IX.2 Carnap, The Vienna Circle, and The Elimination of Metaphysics
IX.3 The Verifiability Principle and Its Fate
IX.4 The Davos Conference and The Great Divide
X. Wittgenstein and the Investigations 1: Preface, and §§1–27
X.1 From the Tractatus to the Investigations
X.2 The Thesis That Meaning Is Use
X.3 A Map of the Investigations
X.4 The Critique of Pure Reference: What the Builders Did
XI. Wittgenstein and the Investigations 2: §§28–242
XI.1 The Picture Theory and the Vices of Simplicity
XI.2 Wittgenstein’s Argument Against The Picture Theory: A Rational Reconstruction
XI.3 Understanding and Rule-Following
XI.4 Wittgenstein’s Rule-Following Paradox: The Basic Rationale
XI.5 Wittgenstein’s Rule-Following Paradox: A Rational Reconstruction
XI.6 Kripkenstein’s Rule-Following Paradox: Why Read Kripke Too?
XI.7 Kripkenstein’s Rule-Following Paradox: A Rational Reconstruction
XI.8 How to Solve The Paradox: Wittgenstein’s Way and Kripkenstein’s Way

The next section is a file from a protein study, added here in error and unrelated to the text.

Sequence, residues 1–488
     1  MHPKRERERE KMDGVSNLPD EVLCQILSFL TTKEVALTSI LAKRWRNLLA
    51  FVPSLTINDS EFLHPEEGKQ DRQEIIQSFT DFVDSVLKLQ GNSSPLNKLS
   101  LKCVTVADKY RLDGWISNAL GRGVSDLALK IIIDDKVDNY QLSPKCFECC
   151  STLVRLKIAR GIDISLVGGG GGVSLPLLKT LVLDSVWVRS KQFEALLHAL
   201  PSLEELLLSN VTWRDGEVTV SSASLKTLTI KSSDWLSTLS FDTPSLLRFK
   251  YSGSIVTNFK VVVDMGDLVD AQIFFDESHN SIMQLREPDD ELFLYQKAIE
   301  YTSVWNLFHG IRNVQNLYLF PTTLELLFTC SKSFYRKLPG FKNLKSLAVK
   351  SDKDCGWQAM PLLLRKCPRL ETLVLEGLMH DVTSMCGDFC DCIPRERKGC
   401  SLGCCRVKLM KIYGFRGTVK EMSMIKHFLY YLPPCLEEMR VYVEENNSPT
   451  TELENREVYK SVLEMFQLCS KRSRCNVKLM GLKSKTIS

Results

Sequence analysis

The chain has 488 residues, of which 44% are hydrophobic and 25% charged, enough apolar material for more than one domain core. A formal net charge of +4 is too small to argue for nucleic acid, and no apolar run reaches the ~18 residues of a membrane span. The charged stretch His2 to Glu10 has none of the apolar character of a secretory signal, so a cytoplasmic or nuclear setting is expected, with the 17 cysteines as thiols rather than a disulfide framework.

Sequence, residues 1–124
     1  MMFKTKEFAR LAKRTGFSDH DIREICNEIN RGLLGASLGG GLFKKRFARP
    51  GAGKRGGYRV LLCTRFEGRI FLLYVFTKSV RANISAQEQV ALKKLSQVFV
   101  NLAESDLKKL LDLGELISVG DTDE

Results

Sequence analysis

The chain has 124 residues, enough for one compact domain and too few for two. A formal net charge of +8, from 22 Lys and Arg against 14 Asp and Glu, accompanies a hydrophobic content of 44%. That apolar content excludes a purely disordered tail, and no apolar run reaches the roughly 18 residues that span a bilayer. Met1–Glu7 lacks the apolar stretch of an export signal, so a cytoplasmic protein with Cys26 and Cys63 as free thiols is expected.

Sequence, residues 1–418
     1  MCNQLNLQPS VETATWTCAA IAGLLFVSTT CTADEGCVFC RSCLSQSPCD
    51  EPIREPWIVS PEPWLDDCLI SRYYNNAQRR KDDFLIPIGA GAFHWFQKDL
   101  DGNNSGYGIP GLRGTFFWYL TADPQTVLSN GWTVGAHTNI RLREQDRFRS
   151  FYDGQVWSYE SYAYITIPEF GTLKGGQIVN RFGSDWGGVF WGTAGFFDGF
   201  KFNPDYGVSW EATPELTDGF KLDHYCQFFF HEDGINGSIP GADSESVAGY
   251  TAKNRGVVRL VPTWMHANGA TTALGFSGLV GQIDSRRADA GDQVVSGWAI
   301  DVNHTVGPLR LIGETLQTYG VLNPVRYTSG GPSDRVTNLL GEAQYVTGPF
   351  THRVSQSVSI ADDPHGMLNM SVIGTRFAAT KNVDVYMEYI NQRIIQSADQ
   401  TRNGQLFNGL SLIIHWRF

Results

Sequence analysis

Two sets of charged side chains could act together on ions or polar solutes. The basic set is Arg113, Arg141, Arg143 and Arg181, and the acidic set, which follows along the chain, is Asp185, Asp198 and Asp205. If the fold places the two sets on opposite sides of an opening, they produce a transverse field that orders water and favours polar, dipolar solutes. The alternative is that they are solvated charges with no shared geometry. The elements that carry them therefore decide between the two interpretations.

XI.8.1 Wittgenstein and The Rule-Following Paradox: A Rational Reconstruction
XI.8.2 Kripkenstein and The Rule-Following Paradox: A Rational Reconstruction
XII. Wittgenstein and the Investigations 3: §§242–315
XII.1 What is a Private Language?
XII.2 The Private Language Argument: A Rational Reconstruction
XII.3 Is Wittgenstein a Behaviorist? No.
XII.4 Wittgenstein on Meanings, Sensations, and Human Mindedness: A Rational Reconstruction
XIII. Wittgenstein and the Investigations 4: §§316–693 & 174e-232e
XIII.1 Linguistic Phenomenology
XIII.2 Two Kinds of Seeing
XIII.3 Experiencing the Meaning of a Word
XIII.4 The Critique of Logical Analysis, and Logic-As-Grammar
XIV. Coda: Wittgenstein and Kantianism
XIV.1 World-Conformity 1: Kant, Transcendental Idealism, and Empirical Realism
XIV.2 World-Conformity 2: Wittgenstein, Transcendental Solipsism, and Pure Realism
XIV.3 World-Conformity 3: To Forms of Life
XIV.4 The Critique of Self-Alienated Philosophy 1: Kant’s Critical Metaphilosophy
XIV.5 The Critique of Self-Alienated Philosophy 2: Wittgensteinian Analysis as Critique
XV. From Quine to Kripke and Analytic Metaphysics: The Adventures of the Analytic-Synthetic Distinction
XV.1 Two Urban Legends of Post-Empiricism
XV.2 A Very Brief History of The Analytic-Synthetic Distinction